Mark Allen Jenkins
THE TROUBLE WITH EXPLORERS
The trouble with explorers is they never stop
exploring. At home, a more permanent base camp,
memoirs complete, they gaze fondly
at the horizon through a telescope.
When I take them to the mall, it takes days to prepare,
outfit supplies, hire camels, handlers, plan the best route.
through the food court, stuff ketchup packets
and napkins into jackets. Insulted
by you-are-here maps, several inquire
at the Golden Wok for the location
of the nearest water source, quickly note in detail
the amount of chicken in Kung Pao Chicken.
All agree they’ve eaten worse
in the middle of nowhere
on the way to somewhere.
Beneath a skylight’s sun, one sketches
the plastic palm tree, fingers his mustache
as he finishes, tries to decide
what family it belongs to.
Further along, they surround
the wireless kiosk, unable to listen
to a barrage of new words like wireless, texting,
and no-roaming fees. Some ponder journaling
with a plastic stylus, if readers could follow
their daily progress. The danger of getting lost fades,
like the tattered British Flags they plant
on store clothing racks.
Author’s Comment: I wrote this poem after writing a sequence of poems about Australian explorers in the mid to late nineteenth century. Most of these explorers believed their European upbringing could help them overcome anything and were often hopelessly underprepared for the unforgiving Australian landscape. This poem mocks my project and was influenced by Mary Koncel’s set of poems about babies doing bizarre things, such as working on a car engine, from her collection “You Can Tell the Horse Anything.”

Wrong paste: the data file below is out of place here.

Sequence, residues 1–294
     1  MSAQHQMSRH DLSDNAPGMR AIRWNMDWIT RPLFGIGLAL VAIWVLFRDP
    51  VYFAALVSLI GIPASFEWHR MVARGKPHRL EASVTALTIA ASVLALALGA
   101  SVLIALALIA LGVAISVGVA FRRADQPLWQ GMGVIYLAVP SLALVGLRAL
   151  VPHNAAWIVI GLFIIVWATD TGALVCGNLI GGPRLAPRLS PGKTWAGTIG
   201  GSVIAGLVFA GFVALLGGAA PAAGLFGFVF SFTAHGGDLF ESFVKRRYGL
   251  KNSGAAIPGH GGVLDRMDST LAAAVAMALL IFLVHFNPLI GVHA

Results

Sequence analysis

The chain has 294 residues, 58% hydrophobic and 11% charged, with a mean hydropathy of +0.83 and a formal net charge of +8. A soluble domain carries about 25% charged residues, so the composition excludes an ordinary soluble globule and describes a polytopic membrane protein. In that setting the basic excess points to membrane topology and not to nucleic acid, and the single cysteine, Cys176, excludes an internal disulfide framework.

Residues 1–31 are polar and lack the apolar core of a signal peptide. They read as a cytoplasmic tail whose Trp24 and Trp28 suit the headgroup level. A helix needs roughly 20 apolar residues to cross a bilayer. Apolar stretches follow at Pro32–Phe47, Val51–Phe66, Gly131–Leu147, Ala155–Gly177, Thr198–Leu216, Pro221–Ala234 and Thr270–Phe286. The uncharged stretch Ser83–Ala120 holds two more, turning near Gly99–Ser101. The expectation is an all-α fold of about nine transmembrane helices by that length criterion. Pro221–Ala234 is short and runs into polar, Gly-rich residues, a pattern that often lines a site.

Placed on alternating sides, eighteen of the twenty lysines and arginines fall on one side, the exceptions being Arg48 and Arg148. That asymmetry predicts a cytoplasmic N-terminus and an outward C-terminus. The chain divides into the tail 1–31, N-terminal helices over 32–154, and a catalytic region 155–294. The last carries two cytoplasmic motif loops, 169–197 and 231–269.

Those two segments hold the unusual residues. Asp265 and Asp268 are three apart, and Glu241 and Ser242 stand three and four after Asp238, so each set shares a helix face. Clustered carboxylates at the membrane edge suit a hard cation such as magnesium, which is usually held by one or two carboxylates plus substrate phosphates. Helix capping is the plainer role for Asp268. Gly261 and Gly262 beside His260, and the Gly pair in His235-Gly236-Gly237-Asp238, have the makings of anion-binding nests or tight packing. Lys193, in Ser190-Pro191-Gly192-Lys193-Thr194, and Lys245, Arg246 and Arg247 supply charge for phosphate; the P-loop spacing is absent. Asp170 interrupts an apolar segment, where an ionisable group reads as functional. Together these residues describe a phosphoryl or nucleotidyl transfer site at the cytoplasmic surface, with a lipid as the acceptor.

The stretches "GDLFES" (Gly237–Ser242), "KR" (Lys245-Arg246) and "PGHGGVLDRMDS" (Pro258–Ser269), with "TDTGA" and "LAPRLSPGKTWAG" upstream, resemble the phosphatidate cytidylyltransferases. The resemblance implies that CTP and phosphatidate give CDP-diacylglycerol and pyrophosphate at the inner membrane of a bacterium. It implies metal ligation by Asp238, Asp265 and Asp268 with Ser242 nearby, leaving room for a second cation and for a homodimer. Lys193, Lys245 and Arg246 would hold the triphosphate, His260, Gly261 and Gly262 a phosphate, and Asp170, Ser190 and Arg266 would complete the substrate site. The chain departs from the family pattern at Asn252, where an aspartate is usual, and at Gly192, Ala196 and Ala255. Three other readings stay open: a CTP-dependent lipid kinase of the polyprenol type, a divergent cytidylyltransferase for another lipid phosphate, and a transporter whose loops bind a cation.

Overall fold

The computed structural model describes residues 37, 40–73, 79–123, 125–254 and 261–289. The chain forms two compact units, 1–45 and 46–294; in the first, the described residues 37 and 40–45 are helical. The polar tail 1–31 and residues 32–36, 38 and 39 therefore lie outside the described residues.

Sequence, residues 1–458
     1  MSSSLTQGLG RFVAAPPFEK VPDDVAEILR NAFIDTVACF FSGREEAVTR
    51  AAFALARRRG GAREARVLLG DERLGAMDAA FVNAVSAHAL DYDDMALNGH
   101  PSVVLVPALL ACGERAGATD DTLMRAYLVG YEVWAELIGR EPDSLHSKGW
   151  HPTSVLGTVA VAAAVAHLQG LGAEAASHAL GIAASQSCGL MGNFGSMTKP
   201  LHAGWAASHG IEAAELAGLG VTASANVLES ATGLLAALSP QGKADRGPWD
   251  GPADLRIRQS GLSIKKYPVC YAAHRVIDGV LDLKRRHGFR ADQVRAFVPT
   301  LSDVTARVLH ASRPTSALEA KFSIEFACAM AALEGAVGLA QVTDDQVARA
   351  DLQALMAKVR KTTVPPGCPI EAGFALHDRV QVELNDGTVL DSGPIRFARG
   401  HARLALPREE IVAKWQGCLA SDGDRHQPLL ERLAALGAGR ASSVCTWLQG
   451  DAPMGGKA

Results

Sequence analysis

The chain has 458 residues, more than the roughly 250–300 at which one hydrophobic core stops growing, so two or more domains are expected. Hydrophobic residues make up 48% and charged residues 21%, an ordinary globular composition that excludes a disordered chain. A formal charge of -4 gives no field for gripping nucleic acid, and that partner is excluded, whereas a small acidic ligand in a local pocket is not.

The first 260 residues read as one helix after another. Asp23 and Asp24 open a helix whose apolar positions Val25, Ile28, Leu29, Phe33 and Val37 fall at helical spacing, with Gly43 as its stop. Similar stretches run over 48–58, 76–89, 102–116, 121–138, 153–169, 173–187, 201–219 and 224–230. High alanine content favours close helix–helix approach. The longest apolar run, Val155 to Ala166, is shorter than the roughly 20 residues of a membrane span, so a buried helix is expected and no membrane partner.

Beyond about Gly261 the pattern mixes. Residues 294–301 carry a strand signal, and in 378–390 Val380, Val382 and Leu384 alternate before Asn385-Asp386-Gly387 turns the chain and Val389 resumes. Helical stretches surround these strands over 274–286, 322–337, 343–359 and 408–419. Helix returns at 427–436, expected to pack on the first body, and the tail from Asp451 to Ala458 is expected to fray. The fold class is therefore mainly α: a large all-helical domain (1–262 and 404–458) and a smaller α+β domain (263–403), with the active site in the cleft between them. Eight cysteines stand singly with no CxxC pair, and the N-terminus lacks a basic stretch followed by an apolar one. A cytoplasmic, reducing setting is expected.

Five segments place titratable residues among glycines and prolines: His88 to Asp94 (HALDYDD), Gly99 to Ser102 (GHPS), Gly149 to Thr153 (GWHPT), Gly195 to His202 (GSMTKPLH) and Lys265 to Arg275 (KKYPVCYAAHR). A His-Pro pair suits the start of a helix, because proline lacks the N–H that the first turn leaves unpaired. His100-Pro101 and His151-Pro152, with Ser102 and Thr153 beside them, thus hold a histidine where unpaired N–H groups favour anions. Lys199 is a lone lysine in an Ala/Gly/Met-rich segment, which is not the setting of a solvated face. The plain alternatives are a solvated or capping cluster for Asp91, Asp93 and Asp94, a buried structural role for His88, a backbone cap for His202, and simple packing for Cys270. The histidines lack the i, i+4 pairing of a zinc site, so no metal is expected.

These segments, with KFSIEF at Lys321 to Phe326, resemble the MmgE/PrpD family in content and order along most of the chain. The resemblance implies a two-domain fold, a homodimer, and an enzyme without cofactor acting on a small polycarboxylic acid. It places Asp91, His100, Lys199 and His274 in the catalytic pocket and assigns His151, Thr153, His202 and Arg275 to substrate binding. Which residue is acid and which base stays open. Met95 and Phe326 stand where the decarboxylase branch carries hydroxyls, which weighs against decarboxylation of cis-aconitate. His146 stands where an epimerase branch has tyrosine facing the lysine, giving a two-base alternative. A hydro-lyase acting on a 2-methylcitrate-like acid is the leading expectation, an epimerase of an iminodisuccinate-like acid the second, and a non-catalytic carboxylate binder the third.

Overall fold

Bio: Originally from Zanesville, Ohio, Mark Allen Jenkins completed an MFA at Bowling Green State University and is currently a PhD student at the University of Texas at Dallas where he serves as Poetry Editor for Reunion: The Dallas Review. His poetry has appeared in Memorious, minnesota review, Muse & Stone, South Dakota Review, and elsewhere.